Firstborn Kids More Likely to be Nearsighted
The firstborn child in a family is more likely to develop nearsightedness, according to a new study published in _Jama Ophthalmology. _
Genetics is one of the main risk factors for the condition, as well as time spent outdoors and high amounts of “near work,” such as reading and writing.
Based on the results of prior research, scientists from Cardiff University in the UK believed high rates of nearsightedness may be due to a higher level of educational investment in firstborns. Previous studies have also shown that parents put more resources into their first children, including education, which could make for a more “myopia predisposing environment.”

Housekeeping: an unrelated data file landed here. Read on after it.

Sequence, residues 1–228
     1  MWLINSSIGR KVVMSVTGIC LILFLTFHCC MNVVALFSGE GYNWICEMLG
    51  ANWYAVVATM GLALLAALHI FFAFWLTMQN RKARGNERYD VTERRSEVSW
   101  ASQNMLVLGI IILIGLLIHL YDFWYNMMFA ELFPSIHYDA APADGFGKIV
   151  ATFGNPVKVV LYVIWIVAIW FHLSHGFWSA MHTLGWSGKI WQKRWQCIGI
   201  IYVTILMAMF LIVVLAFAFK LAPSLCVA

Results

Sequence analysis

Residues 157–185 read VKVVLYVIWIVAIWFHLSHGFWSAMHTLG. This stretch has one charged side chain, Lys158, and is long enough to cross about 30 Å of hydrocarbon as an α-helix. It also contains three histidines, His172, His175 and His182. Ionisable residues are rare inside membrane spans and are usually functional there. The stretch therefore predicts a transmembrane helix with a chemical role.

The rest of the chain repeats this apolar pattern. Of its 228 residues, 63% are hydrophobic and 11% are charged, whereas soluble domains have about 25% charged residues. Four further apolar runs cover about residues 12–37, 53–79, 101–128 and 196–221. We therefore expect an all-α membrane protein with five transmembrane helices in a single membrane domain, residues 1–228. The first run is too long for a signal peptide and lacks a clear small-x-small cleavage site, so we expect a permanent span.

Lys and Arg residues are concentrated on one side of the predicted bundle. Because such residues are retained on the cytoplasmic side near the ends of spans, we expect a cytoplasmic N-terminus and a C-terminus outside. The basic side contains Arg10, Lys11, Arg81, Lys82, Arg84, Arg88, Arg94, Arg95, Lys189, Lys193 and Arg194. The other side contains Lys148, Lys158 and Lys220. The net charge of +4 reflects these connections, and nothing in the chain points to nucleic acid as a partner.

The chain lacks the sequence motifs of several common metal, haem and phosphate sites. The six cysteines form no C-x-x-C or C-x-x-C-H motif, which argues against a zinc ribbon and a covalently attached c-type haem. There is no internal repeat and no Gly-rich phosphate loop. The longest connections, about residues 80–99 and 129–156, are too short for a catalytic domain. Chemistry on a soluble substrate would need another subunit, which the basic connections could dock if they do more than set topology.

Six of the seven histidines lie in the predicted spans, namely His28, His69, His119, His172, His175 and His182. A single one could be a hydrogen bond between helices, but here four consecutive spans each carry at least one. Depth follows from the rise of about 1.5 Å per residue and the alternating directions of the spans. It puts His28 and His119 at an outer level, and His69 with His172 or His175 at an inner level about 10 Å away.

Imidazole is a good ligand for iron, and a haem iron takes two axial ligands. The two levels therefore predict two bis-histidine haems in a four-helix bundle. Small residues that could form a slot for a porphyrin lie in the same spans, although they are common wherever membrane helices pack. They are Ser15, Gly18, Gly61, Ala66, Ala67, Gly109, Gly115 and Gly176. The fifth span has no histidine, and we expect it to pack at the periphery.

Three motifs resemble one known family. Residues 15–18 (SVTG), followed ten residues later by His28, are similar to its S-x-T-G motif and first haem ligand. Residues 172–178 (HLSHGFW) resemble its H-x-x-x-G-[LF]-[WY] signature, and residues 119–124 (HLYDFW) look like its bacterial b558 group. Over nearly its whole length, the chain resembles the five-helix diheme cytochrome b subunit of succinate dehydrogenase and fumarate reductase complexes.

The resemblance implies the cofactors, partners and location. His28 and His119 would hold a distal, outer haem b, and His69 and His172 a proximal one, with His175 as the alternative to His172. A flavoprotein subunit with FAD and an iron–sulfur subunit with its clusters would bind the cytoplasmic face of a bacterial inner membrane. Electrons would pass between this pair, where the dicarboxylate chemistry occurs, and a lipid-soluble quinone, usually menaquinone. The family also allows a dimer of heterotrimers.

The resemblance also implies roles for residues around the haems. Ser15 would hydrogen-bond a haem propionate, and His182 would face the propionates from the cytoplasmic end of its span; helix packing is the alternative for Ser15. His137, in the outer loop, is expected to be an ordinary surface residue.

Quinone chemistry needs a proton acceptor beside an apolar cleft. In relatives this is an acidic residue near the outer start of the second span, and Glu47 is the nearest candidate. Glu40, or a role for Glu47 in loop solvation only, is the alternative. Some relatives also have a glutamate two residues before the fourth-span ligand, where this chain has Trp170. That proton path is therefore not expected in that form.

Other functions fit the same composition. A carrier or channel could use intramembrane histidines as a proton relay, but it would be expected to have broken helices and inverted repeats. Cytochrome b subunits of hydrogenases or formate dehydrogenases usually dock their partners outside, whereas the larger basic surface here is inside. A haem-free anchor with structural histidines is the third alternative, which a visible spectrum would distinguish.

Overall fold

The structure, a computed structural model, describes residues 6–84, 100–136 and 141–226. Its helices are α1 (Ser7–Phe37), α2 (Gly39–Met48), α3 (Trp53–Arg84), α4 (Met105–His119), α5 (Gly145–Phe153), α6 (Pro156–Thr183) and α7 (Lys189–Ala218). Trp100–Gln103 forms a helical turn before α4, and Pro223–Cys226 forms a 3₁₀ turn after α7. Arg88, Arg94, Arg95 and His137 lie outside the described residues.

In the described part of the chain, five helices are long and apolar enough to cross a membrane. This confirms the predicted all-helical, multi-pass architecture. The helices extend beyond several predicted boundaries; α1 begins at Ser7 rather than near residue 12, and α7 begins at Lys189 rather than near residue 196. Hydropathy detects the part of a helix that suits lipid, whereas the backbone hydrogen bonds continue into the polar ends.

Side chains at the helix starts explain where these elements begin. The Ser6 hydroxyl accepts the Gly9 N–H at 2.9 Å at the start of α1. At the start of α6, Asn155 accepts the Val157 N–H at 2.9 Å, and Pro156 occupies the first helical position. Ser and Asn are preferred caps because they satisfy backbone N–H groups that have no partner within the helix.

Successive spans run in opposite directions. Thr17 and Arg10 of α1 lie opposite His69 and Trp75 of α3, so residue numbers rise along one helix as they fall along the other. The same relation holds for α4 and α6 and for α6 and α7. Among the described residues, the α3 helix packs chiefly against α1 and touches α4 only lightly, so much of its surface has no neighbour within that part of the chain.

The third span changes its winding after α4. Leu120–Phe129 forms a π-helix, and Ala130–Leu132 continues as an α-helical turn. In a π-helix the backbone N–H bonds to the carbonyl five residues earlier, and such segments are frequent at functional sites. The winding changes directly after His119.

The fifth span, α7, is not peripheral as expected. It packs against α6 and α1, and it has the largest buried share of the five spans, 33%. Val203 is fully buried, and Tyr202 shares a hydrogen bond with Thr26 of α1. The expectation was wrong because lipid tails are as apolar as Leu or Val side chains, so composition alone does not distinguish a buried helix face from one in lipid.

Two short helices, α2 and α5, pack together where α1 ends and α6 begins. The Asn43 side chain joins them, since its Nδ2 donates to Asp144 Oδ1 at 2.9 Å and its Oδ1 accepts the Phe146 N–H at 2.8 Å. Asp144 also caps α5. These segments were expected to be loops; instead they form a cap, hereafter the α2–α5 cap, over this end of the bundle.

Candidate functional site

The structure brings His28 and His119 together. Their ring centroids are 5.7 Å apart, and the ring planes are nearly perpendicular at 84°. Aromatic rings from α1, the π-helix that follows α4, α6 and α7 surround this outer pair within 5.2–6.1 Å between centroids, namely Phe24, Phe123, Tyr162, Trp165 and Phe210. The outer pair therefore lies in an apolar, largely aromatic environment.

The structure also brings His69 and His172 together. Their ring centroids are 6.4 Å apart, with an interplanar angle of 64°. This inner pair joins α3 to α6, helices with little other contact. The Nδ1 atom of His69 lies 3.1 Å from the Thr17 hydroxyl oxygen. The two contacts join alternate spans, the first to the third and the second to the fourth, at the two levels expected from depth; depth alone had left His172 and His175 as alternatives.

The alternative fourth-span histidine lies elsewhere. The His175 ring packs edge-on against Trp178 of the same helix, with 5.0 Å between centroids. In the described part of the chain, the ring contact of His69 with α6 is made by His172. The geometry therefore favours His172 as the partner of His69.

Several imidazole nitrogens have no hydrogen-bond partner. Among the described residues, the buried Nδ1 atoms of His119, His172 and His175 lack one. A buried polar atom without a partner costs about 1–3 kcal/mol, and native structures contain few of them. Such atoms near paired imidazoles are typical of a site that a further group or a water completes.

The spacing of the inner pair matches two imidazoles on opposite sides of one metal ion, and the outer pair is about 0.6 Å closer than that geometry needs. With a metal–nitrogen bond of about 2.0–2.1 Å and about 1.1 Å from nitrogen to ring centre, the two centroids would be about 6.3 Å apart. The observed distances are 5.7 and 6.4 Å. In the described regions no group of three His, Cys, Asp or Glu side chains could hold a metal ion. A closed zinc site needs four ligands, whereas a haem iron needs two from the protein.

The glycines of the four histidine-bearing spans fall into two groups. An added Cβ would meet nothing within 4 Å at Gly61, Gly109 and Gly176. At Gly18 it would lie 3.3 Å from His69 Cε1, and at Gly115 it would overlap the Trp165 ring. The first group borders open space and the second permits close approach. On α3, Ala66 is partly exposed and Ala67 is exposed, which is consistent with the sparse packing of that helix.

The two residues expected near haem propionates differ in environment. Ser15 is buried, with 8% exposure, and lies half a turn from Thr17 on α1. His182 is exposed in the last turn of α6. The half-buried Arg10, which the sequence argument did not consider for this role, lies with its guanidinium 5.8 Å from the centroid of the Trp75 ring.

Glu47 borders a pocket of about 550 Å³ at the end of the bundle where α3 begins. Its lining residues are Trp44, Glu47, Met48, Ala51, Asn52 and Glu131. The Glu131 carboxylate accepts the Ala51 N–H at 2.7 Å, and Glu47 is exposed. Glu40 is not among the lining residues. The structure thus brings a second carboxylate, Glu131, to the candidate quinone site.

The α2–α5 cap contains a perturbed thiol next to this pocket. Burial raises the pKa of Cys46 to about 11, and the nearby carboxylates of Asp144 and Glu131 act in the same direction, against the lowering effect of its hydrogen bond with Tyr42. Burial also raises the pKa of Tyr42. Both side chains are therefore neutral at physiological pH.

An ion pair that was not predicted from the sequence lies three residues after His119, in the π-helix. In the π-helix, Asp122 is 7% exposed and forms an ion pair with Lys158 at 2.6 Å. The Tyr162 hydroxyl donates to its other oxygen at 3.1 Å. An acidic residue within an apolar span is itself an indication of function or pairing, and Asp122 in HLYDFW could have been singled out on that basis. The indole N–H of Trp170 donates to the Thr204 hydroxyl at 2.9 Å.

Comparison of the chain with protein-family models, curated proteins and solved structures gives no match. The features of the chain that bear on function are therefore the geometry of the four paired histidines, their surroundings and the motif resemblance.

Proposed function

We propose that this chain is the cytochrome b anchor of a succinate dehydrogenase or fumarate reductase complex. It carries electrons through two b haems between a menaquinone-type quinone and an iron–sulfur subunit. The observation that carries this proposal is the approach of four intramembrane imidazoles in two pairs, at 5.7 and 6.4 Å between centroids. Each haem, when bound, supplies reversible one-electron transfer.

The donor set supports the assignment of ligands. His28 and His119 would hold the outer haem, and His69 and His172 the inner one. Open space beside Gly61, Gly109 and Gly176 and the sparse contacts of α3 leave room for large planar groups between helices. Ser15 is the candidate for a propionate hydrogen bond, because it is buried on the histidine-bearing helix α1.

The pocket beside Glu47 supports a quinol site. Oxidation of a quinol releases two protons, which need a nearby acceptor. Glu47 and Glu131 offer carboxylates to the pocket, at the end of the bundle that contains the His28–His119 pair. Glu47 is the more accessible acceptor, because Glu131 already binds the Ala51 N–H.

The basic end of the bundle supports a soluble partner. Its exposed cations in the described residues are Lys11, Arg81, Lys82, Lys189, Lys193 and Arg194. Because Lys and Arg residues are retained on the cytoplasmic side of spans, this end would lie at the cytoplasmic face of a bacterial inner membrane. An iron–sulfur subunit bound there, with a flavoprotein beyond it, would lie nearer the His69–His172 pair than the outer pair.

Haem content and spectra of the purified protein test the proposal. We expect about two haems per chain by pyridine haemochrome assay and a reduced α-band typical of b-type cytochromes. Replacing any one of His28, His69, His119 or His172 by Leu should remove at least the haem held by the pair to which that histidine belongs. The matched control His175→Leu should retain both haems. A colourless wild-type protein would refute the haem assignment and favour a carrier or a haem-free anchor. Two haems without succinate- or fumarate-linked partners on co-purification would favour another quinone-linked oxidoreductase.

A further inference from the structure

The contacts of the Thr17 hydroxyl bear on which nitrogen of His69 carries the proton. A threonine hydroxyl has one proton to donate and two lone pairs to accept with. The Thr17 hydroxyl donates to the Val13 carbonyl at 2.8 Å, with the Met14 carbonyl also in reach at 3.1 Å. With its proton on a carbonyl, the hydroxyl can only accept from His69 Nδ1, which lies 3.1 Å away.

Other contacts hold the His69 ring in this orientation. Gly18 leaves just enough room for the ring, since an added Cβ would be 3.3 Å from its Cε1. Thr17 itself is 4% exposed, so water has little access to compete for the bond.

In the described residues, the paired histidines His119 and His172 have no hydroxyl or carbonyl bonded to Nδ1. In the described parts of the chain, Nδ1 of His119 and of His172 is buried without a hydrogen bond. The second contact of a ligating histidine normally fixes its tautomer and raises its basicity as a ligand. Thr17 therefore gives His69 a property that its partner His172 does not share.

Data was collected for more than 89,000 people from the UK Biobank, from ages 40 to 69, with no prior history of eye disorders. Firstborns of the group were shown to be 10 percent more likely to be myopic, and 20 percent more likely to have a more severe form of myopia. The team found these values grew stronger once adjusting for education exposure, which suggests that fewer educational resources provided younger siblings could be why they have a lesser chance of developing myopia.
Although this was a large study, the authors pointed out that a “causal relationship cannot be made based on observational evidence.”
The team also used self-reported data, and excluded for those who had cataracts, which left room for bias within the study. The study also did not look into time spent outside, which is one of the main risk factors for the disease.